The encryption possibilities of blockchain make it appear ideal in the realm of financial documentation and transactions – an easy concept to introduce, given that records are hard to change, making it well-suited for security and potentially very useful.

In supply chains, the back office potential to reduce paperwork, costs, transaction time and administration hold enormous potential, as companies talk directly (digitally) to one another via a shared database that all can use and which, in theory, requires very little regulation or administration.

Clearly, the potential is there, and the appeal is evident to business.  Still, large IT projects always take more time and resources than people usually project – it’s just human nature – and blockchain requires cooperation across multiple firms, so these projects will take even longer.  Backers and participants will need patience.

But then, twenty years ago, how many folks thought the internet would rule so much of commerce today – and still be growing – or that ‘the cloud’ would ultimately become the data repository for so much of the world’s knowledge and the planet’s operations and finance?


Our partners at PrintVis, who publish print-industry specific software solutions based on the product formerly known as Dynamics NAV and now known as Microsoft Dynamics 365 Business Central, recently posted a good article pointing out a path for folks who have outgrown QuickBooks for accounting, while typically using spreadsheets and the like to handle much of the rest of their print operations.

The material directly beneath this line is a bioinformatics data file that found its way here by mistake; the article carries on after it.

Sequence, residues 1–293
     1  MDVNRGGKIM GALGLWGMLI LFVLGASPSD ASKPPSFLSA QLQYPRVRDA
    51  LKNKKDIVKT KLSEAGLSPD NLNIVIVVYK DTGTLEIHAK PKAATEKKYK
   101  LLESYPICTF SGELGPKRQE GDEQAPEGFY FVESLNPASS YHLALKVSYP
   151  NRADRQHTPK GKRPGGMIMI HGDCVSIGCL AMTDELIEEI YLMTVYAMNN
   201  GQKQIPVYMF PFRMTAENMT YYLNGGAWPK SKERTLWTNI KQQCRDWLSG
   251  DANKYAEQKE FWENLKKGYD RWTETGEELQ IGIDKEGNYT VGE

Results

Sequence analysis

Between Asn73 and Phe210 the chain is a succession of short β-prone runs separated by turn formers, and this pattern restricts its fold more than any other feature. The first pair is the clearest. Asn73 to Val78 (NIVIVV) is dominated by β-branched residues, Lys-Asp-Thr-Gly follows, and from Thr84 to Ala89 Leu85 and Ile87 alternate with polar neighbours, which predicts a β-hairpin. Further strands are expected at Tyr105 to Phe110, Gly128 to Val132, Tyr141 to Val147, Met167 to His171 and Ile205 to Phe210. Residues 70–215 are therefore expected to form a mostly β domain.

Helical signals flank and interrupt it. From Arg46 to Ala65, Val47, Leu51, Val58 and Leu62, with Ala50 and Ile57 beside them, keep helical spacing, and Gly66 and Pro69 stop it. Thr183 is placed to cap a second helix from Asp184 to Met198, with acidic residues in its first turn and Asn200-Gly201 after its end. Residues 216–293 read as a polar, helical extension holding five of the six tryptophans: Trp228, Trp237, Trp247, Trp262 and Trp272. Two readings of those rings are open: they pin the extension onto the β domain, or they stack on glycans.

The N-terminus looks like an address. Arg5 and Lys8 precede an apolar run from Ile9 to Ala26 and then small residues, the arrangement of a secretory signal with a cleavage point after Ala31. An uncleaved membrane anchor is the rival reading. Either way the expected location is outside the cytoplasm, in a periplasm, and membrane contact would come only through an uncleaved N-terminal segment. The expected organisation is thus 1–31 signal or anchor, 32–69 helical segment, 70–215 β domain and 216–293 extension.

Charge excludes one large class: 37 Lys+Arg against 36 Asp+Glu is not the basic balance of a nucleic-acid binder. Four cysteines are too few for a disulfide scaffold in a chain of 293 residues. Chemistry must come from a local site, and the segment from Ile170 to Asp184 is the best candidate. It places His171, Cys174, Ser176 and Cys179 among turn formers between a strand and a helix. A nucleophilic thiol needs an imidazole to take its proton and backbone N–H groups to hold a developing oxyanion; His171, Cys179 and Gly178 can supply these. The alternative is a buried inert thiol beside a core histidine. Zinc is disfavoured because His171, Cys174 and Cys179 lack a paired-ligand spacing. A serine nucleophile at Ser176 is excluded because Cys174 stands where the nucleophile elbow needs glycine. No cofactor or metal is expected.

Business managers, they point out, need a system that provides clearer customer insights to drive decision-making. They also need a system they won’t outgrow. Business Central combines impressive flexibility with powerful functionality in a single, complete system. The engine is Microsoft and the included financial package is superb.

Business Central has quite a few distinct advantages over QuickBooks, but to keep this post from being too long we’ll begin with three.

ONE: QuickBooks does not enable users to set fine-grained permissions for different types of users. The controls are activity-based rather than permissions-based, so if a user can edit invoices, they can edit any invoice connected to any account.

  • Dynamics 365 Business Central enables businesses to fine-tune permissions. They can create a variety of user roles and types, giving them the control they need.
  • It also allows them to create user-specific menus, with functionality including processes, reports, and user defined tasks.
  • Dynamics 365 Business Central also supports web-based reporting portals with the ability to create user- and group-specific portal permissions.

TWO: With QuickBooks, the audit trail is transactional only, and does not record login/logoff or changes to master records. The transactional audit trail can be circumvented in some cases and can be entirely deleted or cleared.